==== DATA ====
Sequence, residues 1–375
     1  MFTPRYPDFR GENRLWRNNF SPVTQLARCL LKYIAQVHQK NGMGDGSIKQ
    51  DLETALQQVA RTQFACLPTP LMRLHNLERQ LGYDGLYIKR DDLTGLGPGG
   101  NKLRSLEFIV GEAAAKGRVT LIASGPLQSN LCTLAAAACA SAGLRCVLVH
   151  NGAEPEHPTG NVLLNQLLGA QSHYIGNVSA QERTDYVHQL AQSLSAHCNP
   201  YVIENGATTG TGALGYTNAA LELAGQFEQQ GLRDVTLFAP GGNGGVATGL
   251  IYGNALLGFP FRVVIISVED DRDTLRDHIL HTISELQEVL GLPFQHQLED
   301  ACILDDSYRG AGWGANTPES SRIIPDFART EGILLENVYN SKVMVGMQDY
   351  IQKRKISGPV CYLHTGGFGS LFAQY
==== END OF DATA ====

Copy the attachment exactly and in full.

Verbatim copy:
Sequence, residues 1–375
     1  MFTPRYPDFR GENRLWRNNF SPVTQLARCL LKYIAQVHQK NGMGDGSIKQ
    51  DLETALQQVA RTQFACLPTP LMRLHNLERQ LGYDGLYIKR DDLTGLGPGG
   101  NKLRSLEFIV GEAAAKGRVT LIASGPLQSN LCTLAAAACA SAGLRCVLVH
   151  NGAEPEHPTG NVLLNQLLGA QSHYIGNVSA QERTDYVHQL AQSLSAHCNP
   201  YVIENGATTG TGALGYTNAA LELAGQFEQQ GLRDVTLFAP GGNGGVATGL
   251  IYGNALLGFP FRVVIISVED DRDTLRDHIL HTISELQEVL GLPFQHQLED
   301  ACILDDSYRG AGWGANTPES SRIIPDFART EGILLENVYN SKVMVGMQDY
   351  IQKRKISGPV CYLHTGGFGS LFAQY